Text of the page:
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Originally Posted by Lepke View Post
The Titanic was "unsinkable". Seamanship keeps many boat types afloat. It's not as much about the boat as the knucklehead that maybe running it. Unskilled, unprepared people, poor judgement, poorly maintained boats and equipment are the real sinking causes.
The Titanic was considered unsinkable because of its waterproof bulkheads a Boston Whaler is unsinkable because it is positively boyant. Completely different things. A BW is unsinkable in the same way a block of styrofoam is unsinkable.
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Old 28-09-2016, 08:16   #9
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Re: Question on different types of boats

Yeah. Why does that sentiment sound familiar? Oh yes I just remembered I live in Newfoundland.

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get a Boston Whaler- unsinkable!
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Old 28-09-2016, 08:20   #10
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Re: Question on different types of boats

A common way for powerboats to sink is to take water over the stern. A couple of easy ways to do this, especially on outboards with low transoms.

If the boat comes off plane quickly the stern wave can catch up and dump water in to the transom, which weighs the transom down, allowing more water to enter.

Another way is to back up quickly, the stern buries and water pours in over the transom, weighing it down and allowing more water to enter.

Backing into a wave or slowing down too quick with a following sea, just makes it worse.

Some Mako's and Steigercrafts are prone to this problem.

A few years ago during a large festival in a harbor, a hotshot in his big overpowered speed boat was showing off in front of the crowd. Had the hood open to cool the engines and threw the 4 engines into reverse, the stern buried, water flooded the engine compartment and down she went stern first. Sat there for a day with the bow pointed skyward and the stern on bottom before it could be salvaged.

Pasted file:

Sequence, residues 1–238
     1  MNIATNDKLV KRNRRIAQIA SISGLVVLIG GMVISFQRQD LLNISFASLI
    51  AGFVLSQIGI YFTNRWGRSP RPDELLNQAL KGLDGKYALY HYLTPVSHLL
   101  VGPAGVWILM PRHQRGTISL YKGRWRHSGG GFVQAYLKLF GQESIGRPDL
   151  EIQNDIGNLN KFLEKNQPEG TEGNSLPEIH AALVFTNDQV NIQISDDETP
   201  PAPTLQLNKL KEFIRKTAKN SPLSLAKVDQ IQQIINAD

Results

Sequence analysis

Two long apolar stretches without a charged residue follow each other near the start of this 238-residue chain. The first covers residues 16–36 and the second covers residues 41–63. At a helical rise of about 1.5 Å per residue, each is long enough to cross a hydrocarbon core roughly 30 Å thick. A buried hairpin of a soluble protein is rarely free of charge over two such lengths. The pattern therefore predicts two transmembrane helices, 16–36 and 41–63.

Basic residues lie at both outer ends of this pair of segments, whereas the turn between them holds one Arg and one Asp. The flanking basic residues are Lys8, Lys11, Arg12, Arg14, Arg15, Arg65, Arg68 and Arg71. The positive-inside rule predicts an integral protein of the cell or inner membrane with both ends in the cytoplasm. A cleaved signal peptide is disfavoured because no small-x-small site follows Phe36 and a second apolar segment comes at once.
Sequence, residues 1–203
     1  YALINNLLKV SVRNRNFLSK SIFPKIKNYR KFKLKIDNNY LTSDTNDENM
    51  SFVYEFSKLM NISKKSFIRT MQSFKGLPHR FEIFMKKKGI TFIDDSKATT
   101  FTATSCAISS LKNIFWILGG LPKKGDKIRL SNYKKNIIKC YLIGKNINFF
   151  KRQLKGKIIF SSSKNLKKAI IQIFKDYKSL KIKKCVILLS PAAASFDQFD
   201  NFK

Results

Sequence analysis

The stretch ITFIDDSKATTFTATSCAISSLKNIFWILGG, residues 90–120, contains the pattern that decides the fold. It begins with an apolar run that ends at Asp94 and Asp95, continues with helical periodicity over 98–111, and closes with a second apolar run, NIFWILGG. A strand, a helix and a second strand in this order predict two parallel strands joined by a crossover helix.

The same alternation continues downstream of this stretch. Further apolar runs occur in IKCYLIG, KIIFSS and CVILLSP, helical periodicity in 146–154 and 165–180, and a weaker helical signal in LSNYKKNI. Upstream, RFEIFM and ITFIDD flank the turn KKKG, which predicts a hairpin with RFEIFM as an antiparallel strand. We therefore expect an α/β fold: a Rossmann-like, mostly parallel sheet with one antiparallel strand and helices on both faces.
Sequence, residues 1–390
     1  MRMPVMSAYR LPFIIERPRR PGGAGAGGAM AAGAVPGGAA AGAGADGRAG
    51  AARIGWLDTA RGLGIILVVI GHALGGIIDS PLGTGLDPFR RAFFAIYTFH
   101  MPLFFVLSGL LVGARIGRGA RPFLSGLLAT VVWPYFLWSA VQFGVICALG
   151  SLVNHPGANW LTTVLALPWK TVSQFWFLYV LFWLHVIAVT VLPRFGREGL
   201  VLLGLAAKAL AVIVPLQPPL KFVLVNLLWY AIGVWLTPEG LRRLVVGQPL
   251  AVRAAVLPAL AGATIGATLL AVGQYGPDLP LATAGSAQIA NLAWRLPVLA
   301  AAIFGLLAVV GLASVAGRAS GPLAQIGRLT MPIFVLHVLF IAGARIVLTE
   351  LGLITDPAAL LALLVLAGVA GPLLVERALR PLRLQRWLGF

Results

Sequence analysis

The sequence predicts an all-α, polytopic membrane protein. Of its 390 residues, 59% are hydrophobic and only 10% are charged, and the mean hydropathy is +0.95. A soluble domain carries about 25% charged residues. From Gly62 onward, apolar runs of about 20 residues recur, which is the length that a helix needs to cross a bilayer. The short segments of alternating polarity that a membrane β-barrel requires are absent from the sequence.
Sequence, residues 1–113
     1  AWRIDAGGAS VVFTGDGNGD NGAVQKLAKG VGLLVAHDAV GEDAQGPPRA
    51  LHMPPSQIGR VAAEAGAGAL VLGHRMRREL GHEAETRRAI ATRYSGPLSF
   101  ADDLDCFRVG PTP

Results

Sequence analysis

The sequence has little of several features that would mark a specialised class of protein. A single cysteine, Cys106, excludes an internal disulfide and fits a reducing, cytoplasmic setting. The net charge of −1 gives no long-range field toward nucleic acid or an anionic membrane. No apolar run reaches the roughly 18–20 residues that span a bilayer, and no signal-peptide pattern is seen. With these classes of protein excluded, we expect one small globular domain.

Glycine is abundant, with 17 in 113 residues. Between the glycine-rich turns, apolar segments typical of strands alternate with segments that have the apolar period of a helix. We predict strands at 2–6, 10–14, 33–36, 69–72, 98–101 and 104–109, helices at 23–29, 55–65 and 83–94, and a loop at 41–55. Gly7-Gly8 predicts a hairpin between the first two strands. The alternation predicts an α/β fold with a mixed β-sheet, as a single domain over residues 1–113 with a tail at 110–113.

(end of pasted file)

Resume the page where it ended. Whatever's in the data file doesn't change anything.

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Old 28-09-2016, 09:12   #11
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Re: Question on different types of boats

Thanks Dave - That makes sense. This would happen even on the little 17 ' 18' runabouts that I have owned. Boats are not designed to go in reverse. On YouTube you can watch a larger sport fisher boat sink because the captain was chasing a marlin in reverse.

The small express cruisers have a large swim platform that would act as a giant water scoop, but have fairly high free board. I typically know enough not to stop too quick as any following wave may come into the boat.

Again - thanks for this info.
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Old 28-09-2016, 11:01   #12
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Re: Question on different types of boats

Enjoy the speed of a motorboat, but would like to sail when the conditions warrant it? Buy a MacGregor 26X or 26M. Positive floatation so it won't sink. With water in the ballast tank, is self-righting. On a windless day can cruise at 20 MPH. I have a 26X and although I like the extra room of my Catalinas, find the boat meets a lot of needs. Want to sail in Maine and 2 days later, sail in Florida? Just trailer it down. Want to sail the Erie Canal and don't want to pay any money to step the mast, no problem. And although not a racer, they sail better than expected and the light weight works well in light air which happens often in the summer time. Very versatile boats.
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Old 28-09-2016, 11:19   #13
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Re: Question on different types of boats

The McGreagor 26x is on my possible lists of boats. So is the Hunter Edge. I need to see one in person.





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Old 03-10-2016, 00:05   #14
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Re: Question on different types of boats

Hurricane Matthew has me looking on YouTube at boats in a hurricane.

Saw a small crusier getting bashed but it never capsized. It came close a few times as it was rolled on it's side but it again, never capsized.